By Charles Taylor
By Chris Klimek
By Chris Klimek
By Amy Nicholson
By Amy Nicholson
By Stephanie Zacharek
By Alan Scherstuhl
By Stephanie Zacharek
Twenty-seven-year-old Ben Younger delivers the message of his first feature, Boiler Room, with all the subtlety of a car bomb. To wit: Greed is alive and well in the new century, fueled by the material dreams of a generation bent on instant gratification and the distorted expectations of neophyte investors dazzled by a Dow Jones that has flown off the charts. Younger's loudmouthed antiheroes, crooked young stockbrokers who force worthless issues on the unwary, have the swagger of street thugs and the conscience of snakes. They let nothing get in the way of what they want: to get rich quick.
Here, then, is another instance of the ruthlessly capitalist movie industry taking a shot at the excesses of capitalism -- an act not without its ironies. In fact, the callow hustlers in Boiler Room even try to one-up the nastiness of other business-world exposés: They delight in quoting the wisdom of Wall Street villain Gordon Gekko line for line, and they drag up a commandment lifted straight out of Glengarry Glen Ross: "ABC -- Always Be Closing."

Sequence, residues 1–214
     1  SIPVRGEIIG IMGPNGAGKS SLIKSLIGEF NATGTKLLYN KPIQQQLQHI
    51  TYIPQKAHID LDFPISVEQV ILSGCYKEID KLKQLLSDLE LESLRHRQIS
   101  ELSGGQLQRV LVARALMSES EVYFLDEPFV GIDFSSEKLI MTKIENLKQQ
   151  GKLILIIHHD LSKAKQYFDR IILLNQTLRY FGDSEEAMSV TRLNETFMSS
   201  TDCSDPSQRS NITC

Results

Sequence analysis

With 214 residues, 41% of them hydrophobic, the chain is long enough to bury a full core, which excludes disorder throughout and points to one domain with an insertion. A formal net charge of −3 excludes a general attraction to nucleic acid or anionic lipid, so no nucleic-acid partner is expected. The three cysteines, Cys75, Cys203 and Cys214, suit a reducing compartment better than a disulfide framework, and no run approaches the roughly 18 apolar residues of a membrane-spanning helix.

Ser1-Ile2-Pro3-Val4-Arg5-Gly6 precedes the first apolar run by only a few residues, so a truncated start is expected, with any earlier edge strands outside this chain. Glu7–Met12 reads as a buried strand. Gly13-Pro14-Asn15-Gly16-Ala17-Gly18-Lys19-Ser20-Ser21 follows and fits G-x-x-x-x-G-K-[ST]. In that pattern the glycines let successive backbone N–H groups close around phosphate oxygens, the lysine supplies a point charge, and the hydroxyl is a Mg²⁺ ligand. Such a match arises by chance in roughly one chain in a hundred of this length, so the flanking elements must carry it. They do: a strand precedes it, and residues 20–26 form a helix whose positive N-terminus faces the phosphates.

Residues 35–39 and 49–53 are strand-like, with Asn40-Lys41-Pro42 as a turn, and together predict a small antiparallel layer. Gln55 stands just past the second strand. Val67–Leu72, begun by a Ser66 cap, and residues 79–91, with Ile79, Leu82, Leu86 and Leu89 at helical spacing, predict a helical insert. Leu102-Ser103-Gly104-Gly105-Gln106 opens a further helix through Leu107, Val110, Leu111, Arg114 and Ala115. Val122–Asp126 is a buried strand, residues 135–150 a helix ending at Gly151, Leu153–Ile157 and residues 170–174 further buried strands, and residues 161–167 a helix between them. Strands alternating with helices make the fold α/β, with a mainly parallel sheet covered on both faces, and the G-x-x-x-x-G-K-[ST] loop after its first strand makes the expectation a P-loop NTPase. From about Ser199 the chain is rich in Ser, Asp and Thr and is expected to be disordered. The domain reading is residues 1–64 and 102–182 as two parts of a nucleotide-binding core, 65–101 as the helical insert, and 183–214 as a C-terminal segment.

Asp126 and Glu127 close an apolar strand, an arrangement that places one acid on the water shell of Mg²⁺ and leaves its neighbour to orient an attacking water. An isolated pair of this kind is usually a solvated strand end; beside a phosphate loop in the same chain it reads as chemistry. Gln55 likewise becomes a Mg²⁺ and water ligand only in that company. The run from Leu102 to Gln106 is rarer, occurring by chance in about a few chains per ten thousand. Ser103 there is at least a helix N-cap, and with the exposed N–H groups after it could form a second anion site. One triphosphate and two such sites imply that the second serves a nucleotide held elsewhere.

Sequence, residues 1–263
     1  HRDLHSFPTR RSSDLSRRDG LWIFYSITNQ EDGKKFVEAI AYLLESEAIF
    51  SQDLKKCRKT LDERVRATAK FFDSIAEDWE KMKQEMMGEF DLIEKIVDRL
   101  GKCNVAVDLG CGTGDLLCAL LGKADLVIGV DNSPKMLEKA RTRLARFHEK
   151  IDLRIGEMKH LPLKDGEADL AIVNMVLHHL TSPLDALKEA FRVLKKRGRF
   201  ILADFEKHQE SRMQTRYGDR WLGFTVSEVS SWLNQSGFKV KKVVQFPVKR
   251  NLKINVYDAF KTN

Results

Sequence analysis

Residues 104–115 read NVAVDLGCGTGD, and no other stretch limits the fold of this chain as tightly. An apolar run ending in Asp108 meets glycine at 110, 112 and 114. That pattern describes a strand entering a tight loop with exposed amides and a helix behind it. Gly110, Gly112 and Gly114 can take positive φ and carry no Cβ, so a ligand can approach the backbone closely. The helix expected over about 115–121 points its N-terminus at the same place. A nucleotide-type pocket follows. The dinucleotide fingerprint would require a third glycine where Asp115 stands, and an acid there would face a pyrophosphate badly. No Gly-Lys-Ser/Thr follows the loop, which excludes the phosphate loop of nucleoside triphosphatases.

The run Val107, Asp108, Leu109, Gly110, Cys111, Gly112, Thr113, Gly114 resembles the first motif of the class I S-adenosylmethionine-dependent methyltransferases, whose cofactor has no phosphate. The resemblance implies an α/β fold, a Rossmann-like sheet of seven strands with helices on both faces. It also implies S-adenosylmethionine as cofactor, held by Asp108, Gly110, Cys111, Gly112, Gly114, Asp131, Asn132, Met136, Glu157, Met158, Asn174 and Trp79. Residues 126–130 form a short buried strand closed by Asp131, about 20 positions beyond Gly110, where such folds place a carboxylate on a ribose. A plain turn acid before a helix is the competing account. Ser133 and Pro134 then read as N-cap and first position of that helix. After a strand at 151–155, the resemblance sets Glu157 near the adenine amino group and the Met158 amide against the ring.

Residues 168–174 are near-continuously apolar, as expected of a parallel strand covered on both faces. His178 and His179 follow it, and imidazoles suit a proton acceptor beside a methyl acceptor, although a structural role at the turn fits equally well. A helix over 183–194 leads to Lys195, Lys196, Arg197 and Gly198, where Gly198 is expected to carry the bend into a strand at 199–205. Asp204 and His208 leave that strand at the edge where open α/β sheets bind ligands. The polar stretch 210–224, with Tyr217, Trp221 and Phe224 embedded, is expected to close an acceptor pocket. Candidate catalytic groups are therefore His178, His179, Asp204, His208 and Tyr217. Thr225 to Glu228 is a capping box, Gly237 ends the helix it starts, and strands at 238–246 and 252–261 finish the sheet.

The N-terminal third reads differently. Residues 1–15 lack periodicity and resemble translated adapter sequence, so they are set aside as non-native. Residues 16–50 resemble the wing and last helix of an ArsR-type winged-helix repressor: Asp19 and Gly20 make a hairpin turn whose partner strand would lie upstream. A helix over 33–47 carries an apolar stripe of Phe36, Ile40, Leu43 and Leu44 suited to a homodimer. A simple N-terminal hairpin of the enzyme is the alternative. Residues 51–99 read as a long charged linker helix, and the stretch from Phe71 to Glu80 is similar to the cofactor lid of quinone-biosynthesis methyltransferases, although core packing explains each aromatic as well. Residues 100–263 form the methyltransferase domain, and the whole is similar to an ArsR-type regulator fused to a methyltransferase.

Younger, a streetwise Brooklynite who studied political science at New York's City University, clearly understands the hyperactive toughs his young cast portrays so vividly here -- multiethnic, working-class boys with maybe a sniff of college, driven by testosterone and dreams of putting a yellow Ferrari in the driveway. These are not polished Ivy Leaguers who go to work for blue chip firms like J.P. Morgan or Goldman Sachs; they are raw material recruited by "chop shops" like the movie's fictional JT Marlin company. Located not on Wall Street but in an industrial parkway out in eastern Long Island, JT Marlin specializes in the hard sell and fast buck, generating fat commissions for its frenzied brokers while trying to stay a step ahead of the Securities and Exchange Commission. Here, the high-pressure phone call and the bold-faced lie have been raised to high art (recall Jack Lemmon in Glengarry), while the implications of swindling the public have been conveniently set aside. In other words, behold capitalism bloody in fang and claw.